Ibis Mojo vs. Moots Cinco
Ultimate All Mountain battle. I am 5'10", 140 and am a very technically sound and aggressive rider who needs an all mountain bike. Cost is not prohibitive.
This could come down to a titanium vs. carbon battle, but I really need some rider input on these two bikes. Thanks.
carbon has no place in the real world of mtb. it's not much lighter when made strong enough, and one little scratch and the whole part is trashed.
i'm sure some love their carbon, let them ride it and get the moots. gawd i want a moots...
what would rainbow unicorn do?
Titus Motolite EXOGRID....
It's got everything you're looking at - Ti/Carbon, 4 or 5 inches of All Mtn goodness and it's full custom w/ only a 4 week turnaround time or so. besides those EXOGRID tubes just look flat out gorgeous w/ the cut outs etc....
You really should take a hard look at it especially if you're looking at the Cinco b/c w/ EXO you really do get the best of both worlds - durability of Ti w/ the ride quality of carbon that and it's actually stiffer/lighter than a straight up Ti tube, besides you get a true four bar Horst link rear end not the faux bar ventana rear end.
locked - time out
Get the Mojo. Then let us know if it cracked in 2 on your 1st real good crash. I'l bet it holds up pretty good. Kinda sux to have to wonder about that sort of thing. I don't worry about metal as much.
Mojo ride reports
Originally Posted by freeskisquaw
I commented more in your What Bike to Buy post.
you might want to check out the carbon trance that's coming out from Giant. They make some of the best carbon frames in the world, they are, so far as I know, the only company to source their own carbon and do EVERYTHING in house from threads to lay up. They also have a super strong resin composite to bond the frames on top of wrapping them as well. Lot's of other bike makers have their carbon frames/components made by Giant such as Scott bikes and FSA carbon components. Cool stuff...
While Giant does indeed do very nice carbon work they do not fabricate Scott carbon frames. Topkey does the road and hardtail mountain frames and I believe TenTech does the Full Suspension carbon. Both factories are out of China.
Originally Posted by woogie11
Last edited by Rivet; 08-26-2006 at 10:55 PM.
"Do not touch the trim"
Ultimate is a big concept.
You sound eager to spend large $$$ on a bike, and have the ultimate AM bike. That's going to be a tough one. Ti or Carbon are not some sorta magic materials, ultimately the bike is just a sum of it's parts. And in a 5-6" travel burly AM bike, the frame material is going to matter even less regarding ride quality (given all other parts, set up and fit being equal). You just could be setting yourself up for a dissapointing purchase. Certainly see what pro riders are using in all the mags, videos, read tons of reviews. Certainly get social at your local trail system to see what folks are riding in your neck of the wood. AM is a drastically expanding and growing realm for bikes and components, it'd be a shame to miss the boat because you gotta have a wonder material.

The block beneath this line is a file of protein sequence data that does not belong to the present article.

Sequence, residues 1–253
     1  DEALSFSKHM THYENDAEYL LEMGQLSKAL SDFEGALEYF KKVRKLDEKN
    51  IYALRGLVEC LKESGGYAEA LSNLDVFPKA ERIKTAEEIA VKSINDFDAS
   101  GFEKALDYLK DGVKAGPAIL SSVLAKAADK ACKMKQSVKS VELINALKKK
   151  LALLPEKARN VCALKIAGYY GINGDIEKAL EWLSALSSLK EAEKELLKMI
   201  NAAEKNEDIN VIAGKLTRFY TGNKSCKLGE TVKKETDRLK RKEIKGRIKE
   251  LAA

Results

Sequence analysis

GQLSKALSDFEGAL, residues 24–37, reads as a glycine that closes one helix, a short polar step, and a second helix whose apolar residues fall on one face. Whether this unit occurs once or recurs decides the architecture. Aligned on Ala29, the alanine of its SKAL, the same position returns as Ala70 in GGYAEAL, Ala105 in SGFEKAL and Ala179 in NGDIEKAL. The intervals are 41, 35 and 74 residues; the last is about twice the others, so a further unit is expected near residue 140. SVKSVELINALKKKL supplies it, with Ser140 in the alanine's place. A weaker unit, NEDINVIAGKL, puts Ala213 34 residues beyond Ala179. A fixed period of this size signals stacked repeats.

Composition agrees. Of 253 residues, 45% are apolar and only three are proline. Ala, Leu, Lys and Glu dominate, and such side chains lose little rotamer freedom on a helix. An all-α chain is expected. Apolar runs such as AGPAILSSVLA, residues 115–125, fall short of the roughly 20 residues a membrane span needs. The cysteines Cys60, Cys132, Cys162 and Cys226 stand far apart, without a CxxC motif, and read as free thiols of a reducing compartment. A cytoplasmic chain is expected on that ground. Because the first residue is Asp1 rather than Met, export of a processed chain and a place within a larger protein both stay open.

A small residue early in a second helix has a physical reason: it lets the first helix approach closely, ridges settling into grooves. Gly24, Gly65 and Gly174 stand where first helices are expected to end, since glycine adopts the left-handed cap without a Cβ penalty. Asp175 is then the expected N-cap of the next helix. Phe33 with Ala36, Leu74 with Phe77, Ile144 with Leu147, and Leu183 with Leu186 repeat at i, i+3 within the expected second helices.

Originally Posted by freeskisquaw
That being said, put a Scott Ransom on your list if you are considering the Ibis. If 5" is good, 6" just might be better.
What are you riding now?
-Mitch mbaghdoi at hotmail.com
Hey Rivet, not trying to have this be a case of "I told you so" but...
"Thanks for your email. We work exclusively with a top carbon manufacturer in
Taiwan. Please let us know if you have further questions.
208 622 1064"
I thought that might interest you. I was pretty sure my source was correct about Giant building Scott's carbon bikes, but just to check I sent them an email. At any rate we're both right, Giant builds really good carbon bikes for everybody.
Actually Topkey and Ten Tech are headquartered out of Taiwan but with manufacturing in China.
Originally Posted by woogie11
From Bicycle Retailer:
Southern China is home to two other major factories: Topkey, in Xiamen, and Ten Tech Composites, also in Dongguan, known for the Ransom mountain bike frame it makes for Scott
Guido Trentin's Saunier Duval-Prodir Scott CR1 Team Issue
The Saunier Duval team was launched recently in Milan and we took the opportunity to get a look one of the bikes issued to new team member Guido Trentin.
A new arrival from Cofidis, climber Trentin will be crucial edition to the squad to support Gibo Simoni in his bid for a third Giro d'Italia win this coming May. Trentin's team bike is made in Taiwan with Scott's proprietary Ten-Tech Composite, and Scott claims a weight of 880 grams for the CR1 Team Issue frame without fork.
Trentin's Saunier CR1 is equipped with the Campagnolo Record 10 group, with liberal use of carbon fiber throughout, and runs on Fulcrum wheels. The wheels on Trentin's bike look to be a variant of Fulcrum's new Racing Light model with carbon fiber rims and roll on Continental rubber. Other key elements of the bike spec are Ritchey WCS Road carbon handlebars & new 4 Axis forged alloy stem. And atop each Ritchey WCS Road seatpost sits a saddle by premier Italian saddle maker Selle Italia.
Forkwise, the CR1 Team Issue has a carbon fiber version with 1 1/8in carbon fiber steerer in an integrated headset and the Scott CR1 frame is available in six different sloping sizes from XS to XXL.